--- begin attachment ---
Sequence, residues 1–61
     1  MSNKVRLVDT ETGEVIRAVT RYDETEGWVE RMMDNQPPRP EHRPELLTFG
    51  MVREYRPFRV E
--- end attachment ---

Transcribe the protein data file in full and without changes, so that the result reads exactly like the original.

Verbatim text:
Sequence, residues 1–61
     1  MSNKVRLVDT ETGEVIRAVT RYDETEGWVE RMMDNQPPRP EHRPELLTFG
    51  MVREYRPFRV E